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Welltower CEO: ‘Mediocre’ Q2 Results Don’t Reflect Senior Housing Portfolio’s Long-Term Potential

Despite senior housing net operating income approaching pre-Covid levels in the second quarter of 2022, Welltower (NYSE: WELL) CEO Shankh Mitra sees those results as “mediocre at best.”

But that is not because he believes the company’s senior housing partners did especially poorly during the quarter. Instead, he sees a much longer runway for unlocking value ahead, and believes that the company’s senior housing holdings are capable of delivering much higher returns for the company’s investors.

Mitra noted during the call that the Toledo, Ohio-based real estate investment trust (REIT) has about 120 properties in its senior housing operating (SHO) portfolio that are currently generating negative cash flow. In fact, he said that if Welltower trimmed those properties today, it would significantly boost its overall earnings.

But through community improvements and transitioning certain parts of the portfolio to new operators, the REIT’s leaders believe the portfolio will be humming in the long-term despite short-term distress.

“As frustrating as near-term challenges of operating transition might be for reported earnings — and trust me, I share those frustrations with you — we have to do what’s right for the long-term interests of our owners,” Mitra said.

And good things are coming in the long-term, Mitra said as he teased an “exciting set of initiatives that will transform the business as we know today.”

In the second quarter of 2022, Welltower reported normalized funds from operations (FFO) of 86 cents per diluted share, beating analysts’ expectations by about one cent.

As of the end of the second quarter, Welltower had 904 properties in its SHO portfolio, with another 312 under triple-net management agreements.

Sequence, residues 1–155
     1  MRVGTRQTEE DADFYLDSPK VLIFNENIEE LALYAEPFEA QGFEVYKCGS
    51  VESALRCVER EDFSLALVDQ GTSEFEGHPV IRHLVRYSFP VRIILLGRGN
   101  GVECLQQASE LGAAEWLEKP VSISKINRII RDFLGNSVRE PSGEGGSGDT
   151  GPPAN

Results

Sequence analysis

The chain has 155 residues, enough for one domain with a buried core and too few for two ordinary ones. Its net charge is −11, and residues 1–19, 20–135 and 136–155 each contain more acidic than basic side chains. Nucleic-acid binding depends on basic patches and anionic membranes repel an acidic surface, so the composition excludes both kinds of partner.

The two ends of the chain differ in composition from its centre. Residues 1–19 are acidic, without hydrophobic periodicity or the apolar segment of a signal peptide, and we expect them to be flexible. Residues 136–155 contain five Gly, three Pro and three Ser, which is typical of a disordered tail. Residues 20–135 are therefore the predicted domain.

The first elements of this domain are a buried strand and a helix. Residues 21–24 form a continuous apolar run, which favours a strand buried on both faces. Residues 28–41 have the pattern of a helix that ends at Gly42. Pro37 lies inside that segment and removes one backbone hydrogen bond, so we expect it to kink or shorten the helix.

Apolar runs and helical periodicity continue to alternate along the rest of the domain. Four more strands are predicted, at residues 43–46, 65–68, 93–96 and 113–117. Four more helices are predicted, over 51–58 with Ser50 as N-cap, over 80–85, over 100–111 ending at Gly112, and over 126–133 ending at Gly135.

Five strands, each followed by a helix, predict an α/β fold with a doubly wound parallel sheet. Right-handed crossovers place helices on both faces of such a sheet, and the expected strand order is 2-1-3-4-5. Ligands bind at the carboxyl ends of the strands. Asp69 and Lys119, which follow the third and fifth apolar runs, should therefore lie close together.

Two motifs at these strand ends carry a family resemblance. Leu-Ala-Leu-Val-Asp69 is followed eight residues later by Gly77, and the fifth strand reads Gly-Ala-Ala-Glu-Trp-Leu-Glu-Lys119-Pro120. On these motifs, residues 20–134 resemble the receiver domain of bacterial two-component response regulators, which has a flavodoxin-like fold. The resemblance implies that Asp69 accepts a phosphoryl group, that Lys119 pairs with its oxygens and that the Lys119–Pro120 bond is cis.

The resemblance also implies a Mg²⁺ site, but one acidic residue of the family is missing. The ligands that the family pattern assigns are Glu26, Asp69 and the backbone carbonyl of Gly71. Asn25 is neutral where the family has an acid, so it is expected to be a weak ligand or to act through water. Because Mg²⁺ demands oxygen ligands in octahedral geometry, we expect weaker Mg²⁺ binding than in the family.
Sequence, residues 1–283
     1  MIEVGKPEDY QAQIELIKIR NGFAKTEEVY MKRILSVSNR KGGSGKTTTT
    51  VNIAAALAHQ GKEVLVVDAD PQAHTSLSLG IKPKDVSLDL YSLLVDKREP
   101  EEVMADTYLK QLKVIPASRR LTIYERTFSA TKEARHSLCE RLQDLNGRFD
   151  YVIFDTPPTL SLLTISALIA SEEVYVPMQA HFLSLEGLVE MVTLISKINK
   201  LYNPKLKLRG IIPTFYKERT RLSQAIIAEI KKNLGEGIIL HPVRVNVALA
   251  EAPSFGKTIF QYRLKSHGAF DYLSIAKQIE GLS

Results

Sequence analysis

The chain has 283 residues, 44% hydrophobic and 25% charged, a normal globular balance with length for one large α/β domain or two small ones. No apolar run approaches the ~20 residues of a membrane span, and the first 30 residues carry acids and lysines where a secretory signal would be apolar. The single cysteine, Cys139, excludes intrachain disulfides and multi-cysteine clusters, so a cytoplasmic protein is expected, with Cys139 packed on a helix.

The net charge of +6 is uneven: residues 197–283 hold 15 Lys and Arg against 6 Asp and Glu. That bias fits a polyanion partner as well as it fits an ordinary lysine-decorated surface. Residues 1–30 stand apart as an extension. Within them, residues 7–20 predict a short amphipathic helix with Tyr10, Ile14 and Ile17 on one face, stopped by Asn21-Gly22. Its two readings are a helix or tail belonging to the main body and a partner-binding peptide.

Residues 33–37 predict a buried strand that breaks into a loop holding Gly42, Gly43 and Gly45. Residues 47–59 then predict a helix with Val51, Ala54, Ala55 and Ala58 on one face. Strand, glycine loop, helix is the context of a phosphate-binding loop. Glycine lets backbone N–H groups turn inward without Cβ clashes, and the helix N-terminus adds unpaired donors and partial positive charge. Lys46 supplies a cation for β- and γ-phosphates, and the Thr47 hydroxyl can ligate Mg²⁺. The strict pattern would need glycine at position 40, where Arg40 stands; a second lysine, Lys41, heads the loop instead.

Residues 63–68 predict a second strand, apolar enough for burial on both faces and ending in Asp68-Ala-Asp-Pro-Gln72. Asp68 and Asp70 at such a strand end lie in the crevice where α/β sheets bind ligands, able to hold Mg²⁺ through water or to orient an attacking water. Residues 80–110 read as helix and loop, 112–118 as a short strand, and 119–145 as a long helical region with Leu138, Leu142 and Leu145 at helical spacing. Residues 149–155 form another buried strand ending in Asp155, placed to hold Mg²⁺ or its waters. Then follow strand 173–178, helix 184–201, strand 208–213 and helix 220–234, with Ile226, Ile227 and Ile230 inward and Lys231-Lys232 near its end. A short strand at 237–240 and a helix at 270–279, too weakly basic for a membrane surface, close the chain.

Welltower’s stock finished at $83.31, up 0.79% on the day.

Short-term pain for long-term gain

Welltower management takes the view that, although the company’s recent community transitions are disruptive to operations, they are necessary for achieving long-term success.

Last month, the REIT transitioned 12 former Vintage Senior Living properties to operating partners Oakmont Senior Living, Kisco Senior Living and Cogir Management USA. Mitra also noted the company’s move last year to transition its Gracewell senior living assets in the UK to another operator, CareUK.

“Despite some of the most coveted locations and CapEx plans, these assets did not live up to our expectations,” Mitra said.

But both moves exemplify the company’s grand strategy at work, he noted.

In all, Welltower currently has 59 senior housing assets in transition showing that “management is willing to take short-term earnings pain for improved performance in the future,” COO John Burkart said.

“If we have not removed transition assets from the same-store portfolio, our year-over-year NOI growth for 2Q2022 would have been 14.9%,” he said. “Bottom line, strategic transitions are undoubtedly worth it, and they can drive significant value despite creating near-term noise.”

Indeed, those transitions are already bearing fruit, with occupancy already up 13% in the properties handed off to Oakmont, Mitra said. He sees stabilization in reach for those properties sometime in 2023.

Welltower management reported that revenue for its senior housing operating (SHO) portfolio grew 11.5% in the second quarter of 2022 compared with the same period a year prior, driven primarily by occupancy and rate growth in those communities.,

Same-store average occupancy for the REIT’s SHO segment ticked up to 78.8% in the second quarter of 2022, up from 73.8% a year ago. The portfolio’s same-store NOI also grew by 15.4% during the quarter compared with 2Q21.

As occupancy grew, so too did expenses. Costs for the SHO portfolio grew 10.5% in the second quarter. Agency labor expenses were 6% of the REIT’s total compensation expense in 2Q2022, down from a peak of 7.3% in 4Q2021.